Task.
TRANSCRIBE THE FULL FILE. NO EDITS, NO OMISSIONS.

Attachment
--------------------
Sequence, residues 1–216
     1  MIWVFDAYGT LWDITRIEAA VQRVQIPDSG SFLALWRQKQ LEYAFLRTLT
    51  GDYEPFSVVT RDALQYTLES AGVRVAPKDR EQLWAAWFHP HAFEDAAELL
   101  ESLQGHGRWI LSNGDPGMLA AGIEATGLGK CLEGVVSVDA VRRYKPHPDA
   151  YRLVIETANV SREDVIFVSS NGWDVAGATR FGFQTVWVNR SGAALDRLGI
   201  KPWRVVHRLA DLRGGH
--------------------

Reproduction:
Sequence, residues 1–216
     1  MIWVFDAYGT LWDITRIEAA VQRVQIPDSG SFLALWRQKQ LEYAFLRTLT
    51  GDYEPFSVVT RDALQYTLES AGVRVAPKDR EQLWAAWFHP HAFEDAAELL
   101  ESLQGHGRWI LSNGDPGMLA AGIEATGLGK CLEGVVSVDA VRRYKPHPDA
   151  YRLVIETANV SREDVIFVSS NGWDVAGATR FGFQTVWVNR SGAALDRLGI
   201  KPWRVVHRLA DLRGGH